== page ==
I have not the course you mentioned but there is a great course which tells you python basics and then introduces important python libraries (libraries are just modules , you can use their functionality nothing more.) Then you will build a project(yessss!!!) which will based on that library. Projects consists of Web development , Machine Learning , Web Scraping , Web Scripting etc. It is a vey good course for beginners who don't know anything about coding.

THE Couse is ---

Complete Python Developer in 2020: Zero to Mastery

I have taken this course and it's just terrific .

r/rutgers • comment
2 points • zgohanz

Firstly, don’t feel bad or depressed. Every comp sci student or atleast most of us go through the same issue. I personally didn’t “actually” code until last summer.

I got an internship with a big company last year and I was freaking out because I didn’t know how to code well. Since then, rather than learning coding for myself, I think I learnt it due the fear of losing my job lmao. I bought 2 courses on udemy (10$ each, 2 meals come on!) for Java and python. They were really amazing and helpful.


Python: Or

The java course is really extensive and covers almost every topic and it took me 3 months to finish it cuz I was lazy. I finished the python one in a month. It’s a zero to hero course and covers most OOPS concepts and some data science concepts.

The key thing here is not to finish those courses for a certificate or just cuz you bought them. Take your time in taking notes from videos and practice problems and leetcode while you’re taking these classes. I used to do around 3-4 hours of learning, which included watching videos and doing problems. So start with 3-4 hours, then try to bump it up if you wanna finish then early. Good Luck! Lmk if you have questions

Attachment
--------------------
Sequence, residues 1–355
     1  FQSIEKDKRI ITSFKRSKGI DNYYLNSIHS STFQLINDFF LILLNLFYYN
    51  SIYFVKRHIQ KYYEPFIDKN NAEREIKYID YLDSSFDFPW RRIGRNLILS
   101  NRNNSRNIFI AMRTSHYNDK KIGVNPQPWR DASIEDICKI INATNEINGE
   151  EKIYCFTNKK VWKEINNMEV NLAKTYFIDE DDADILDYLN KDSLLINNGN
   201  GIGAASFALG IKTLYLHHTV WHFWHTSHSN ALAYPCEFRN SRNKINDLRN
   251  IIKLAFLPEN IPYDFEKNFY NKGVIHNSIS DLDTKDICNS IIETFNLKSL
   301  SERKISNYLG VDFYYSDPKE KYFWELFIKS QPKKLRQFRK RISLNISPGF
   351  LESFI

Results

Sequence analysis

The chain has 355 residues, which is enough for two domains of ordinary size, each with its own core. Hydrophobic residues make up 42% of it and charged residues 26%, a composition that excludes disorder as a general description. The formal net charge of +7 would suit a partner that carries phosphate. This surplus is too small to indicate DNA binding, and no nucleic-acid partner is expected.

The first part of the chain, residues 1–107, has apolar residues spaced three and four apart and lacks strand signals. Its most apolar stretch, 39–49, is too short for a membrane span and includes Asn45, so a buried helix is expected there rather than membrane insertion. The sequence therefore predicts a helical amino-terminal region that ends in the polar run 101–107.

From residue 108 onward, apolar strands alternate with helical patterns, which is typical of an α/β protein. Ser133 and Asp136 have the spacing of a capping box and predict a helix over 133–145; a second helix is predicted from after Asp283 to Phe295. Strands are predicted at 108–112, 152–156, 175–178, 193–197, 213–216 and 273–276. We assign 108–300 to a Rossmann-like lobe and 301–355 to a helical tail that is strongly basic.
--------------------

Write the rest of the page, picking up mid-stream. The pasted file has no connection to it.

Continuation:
r/comp_chem • comment
1 points • spheex12

Hey! Great choice! ;-)

But it's not only about coding (according to my own experience). I got my Master in mass spec and computational chemistry without (or barely without) any knowledge of coding. Then I started a PhD in these fields and started learning by myself on the fly the basics of coding in Bash, Python and R. Nobody asked me this, but I was really interested in coding, and it is really helpful to make complex tasks faster, provided your code works :-)

I think it would be an advantage for you if you learn one programming language,and it could help for any PhD application. Especially Python. Every programming language is different, but are also similar in a certain manner. So 'fully' learn one will open many doors if you want to dig deeper into other codes. Python is quite 'simple' to learn via online lectures.